PGi and the environment
The company's platform supports hundreds of applications to help businesses become a little greener.
Tue, Jun 15 2010 at 10:55 AM
(Photo courtesy of PGi)
Corporate boardrooms have never been greener. And when it comes to PGi and the environment, sustainability is part of the business plan.
Premier Global Services, Inc., the Atlanta-based conferencing services company, is working to reduce carbon emissions both in its own offices and among scores of clients worldwide. To do so, it is pushing eco-friendly communications tools and products that reduce paper waste and seek to eliminate wasteful travel in order to “cut costs, improve efficiency and promote profitable sustainability.”
“Our on-demand platform supports hundreds of innovative applications to help your business become a little greener,” the company says.
At the heart of the company’s eco-friendly measures are its “green rooms,” or virtual meetings. Indeed, through PGi’s live Web events and online conferencing, clients can all but eliminate the traditional boardroom. “There is no single cause of climate change,” the company’s Web site says. “But there are many ways to reduce the environmental impact of your daily business communication.”
From an environmental standpoint, PGi says the corporate world has a lot at stake. About 95 percent of a meeting’s carbon emissions come from transportation, according to the journal Science. “Scientific travel pours huge amounts of greenhouse gases into the atmosphere,” wrote the author of a 2007 Science article. “Some societies are changing the way they run their annual meetings – and a few scientists are proposing even more drastic changes.”
In recent years, PGi has introduced tools and products that seek to “replicate the benefits of a wider variety of face-to-face meetings in a virtual environment,” company leaders wrote in a 2008 annual report. “Our goal is to move beyond just conferencing services and into the much larger market for all meetings and events worldwide,” they said. “We believe the implications for our business are vast.”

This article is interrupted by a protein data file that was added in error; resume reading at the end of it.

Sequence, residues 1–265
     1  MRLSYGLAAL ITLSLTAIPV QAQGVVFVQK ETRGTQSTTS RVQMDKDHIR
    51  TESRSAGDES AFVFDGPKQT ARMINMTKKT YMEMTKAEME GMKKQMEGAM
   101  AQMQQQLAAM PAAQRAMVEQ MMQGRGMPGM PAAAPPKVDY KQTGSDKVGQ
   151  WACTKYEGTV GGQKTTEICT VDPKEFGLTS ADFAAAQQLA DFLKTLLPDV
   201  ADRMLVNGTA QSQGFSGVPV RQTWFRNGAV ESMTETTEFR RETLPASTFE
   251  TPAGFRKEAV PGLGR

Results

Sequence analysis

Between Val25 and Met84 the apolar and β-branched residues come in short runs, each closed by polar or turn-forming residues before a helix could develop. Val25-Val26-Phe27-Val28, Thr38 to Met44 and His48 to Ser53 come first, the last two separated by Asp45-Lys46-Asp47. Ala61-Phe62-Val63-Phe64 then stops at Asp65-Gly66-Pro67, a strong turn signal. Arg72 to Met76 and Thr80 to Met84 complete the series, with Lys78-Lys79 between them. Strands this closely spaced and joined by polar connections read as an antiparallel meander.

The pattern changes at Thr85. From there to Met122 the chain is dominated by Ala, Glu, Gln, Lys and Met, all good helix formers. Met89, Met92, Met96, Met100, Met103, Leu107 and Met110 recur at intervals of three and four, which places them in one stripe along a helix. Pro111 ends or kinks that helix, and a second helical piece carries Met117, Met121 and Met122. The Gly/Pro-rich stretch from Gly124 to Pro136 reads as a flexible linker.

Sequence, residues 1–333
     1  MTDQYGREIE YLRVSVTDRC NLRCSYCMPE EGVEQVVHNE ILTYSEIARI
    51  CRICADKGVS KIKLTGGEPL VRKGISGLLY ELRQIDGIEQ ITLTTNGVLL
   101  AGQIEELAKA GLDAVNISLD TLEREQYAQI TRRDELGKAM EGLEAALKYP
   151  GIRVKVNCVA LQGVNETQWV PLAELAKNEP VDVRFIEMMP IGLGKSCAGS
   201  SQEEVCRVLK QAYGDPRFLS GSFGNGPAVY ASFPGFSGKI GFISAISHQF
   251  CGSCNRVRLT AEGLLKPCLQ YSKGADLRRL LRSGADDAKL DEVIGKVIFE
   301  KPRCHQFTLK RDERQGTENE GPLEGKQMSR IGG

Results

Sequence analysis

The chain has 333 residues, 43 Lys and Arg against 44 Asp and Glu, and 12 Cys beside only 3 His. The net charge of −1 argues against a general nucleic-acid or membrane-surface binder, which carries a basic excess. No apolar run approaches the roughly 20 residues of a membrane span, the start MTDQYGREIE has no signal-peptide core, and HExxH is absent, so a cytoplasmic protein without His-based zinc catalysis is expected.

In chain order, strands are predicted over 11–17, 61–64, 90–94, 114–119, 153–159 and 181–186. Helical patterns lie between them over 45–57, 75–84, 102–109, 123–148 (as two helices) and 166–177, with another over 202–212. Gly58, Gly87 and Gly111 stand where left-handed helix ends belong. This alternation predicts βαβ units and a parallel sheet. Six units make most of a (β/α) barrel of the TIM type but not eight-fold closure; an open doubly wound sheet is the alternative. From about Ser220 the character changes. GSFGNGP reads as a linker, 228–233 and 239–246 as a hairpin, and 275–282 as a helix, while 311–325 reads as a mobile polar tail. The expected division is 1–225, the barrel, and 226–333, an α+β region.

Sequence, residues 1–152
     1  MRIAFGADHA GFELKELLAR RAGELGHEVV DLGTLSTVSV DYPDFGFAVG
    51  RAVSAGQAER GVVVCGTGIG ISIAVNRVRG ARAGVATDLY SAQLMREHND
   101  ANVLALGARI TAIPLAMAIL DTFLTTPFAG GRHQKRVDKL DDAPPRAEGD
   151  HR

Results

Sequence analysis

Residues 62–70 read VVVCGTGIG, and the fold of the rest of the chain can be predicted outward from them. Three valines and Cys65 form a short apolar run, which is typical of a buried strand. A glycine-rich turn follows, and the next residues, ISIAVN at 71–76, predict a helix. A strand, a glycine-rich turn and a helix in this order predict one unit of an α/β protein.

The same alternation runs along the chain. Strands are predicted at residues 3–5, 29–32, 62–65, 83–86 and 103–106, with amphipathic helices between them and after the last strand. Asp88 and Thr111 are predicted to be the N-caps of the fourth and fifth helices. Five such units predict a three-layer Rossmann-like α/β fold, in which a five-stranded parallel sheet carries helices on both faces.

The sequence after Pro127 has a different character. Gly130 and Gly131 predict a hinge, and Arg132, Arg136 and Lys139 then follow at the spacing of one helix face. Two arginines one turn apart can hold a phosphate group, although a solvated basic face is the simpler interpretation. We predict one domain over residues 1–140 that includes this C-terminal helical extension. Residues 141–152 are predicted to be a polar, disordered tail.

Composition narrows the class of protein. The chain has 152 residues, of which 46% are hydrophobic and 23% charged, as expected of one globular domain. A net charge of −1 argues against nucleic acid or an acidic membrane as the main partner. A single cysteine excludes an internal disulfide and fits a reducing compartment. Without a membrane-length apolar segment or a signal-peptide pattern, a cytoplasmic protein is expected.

In the trenches of corporate environmentalism, PGi digs deep, offering programs spanning e-marketing programs to paperless billing. They also offer a notification and reminder program that alerts clients to payments, appointments, reservation confirmations and more.
But for PGi, a main target is paper waste. Indeed, the Environmental Protection Agency says that more than 50 percent of “junk mail” people receive is thrown out instead of recycled.
PGi offers paperless RSVP services, since paper produce account for 34 percent of municipal waste. Companies can draw up digital meeting packets to cut down on paper waste, as well. “Paper files and manual resends tie up resources, adding to the operating and environmental costs of daily business,” the company says.
The company’s “digital fax” product, Fax2Mail, lets clients send digital versions of paper faxes in order to save money, save paper, save water and save energy. Frequent paper jams contribute to toxic greenhouse gases, the company says.
Even keeping a fax machine in paper takes a toll. It takes 12 ounces of water to mill one piece of officer paper. According to PGi, the average office worker wastes 1,410 pages – or 132 gallons of water – each year. Lastly, when it comes to energy, paperless faxing is a major energy saver, the company points out.
In Europe, PGi has turned a critical eye on itself. In Frankfurt and Munich, local offices are taking a “green” approach, including reducing office paper consumption. In those two cities, free online billing is available to customers. They are also partnering with Greenmiles Gmbh to offset emissions.
“Premiere Global is committed to delivering innovative communication technologies to our customers,” the company says. “We also believe in being a responsible corporate citizen in the worldwide community.”
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